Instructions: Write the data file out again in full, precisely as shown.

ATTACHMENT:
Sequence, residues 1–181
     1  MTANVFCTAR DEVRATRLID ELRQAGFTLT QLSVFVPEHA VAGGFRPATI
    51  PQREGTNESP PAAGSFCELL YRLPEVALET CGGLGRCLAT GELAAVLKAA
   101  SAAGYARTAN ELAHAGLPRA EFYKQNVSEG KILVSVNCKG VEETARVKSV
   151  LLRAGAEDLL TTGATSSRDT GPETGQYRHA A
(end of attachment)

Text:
Sequence, residues 1–181
     1  MTANVFCTAR DEVRATRLID ELRQAGFTLT QLSVFVPEHA VAGGFRPATI
    51  PQREGTNESP PAAGSFCELL YRLPEVALET CGGLGRCLAT GELAAVLKAA
   101  SAAGYARTAN ELAHAGLPRA EFYKQNVSEG KILVSVNCKG VEETARVKSV
   151  LLRAGAEDLL TTGATSSRDT GPETGQYRHA A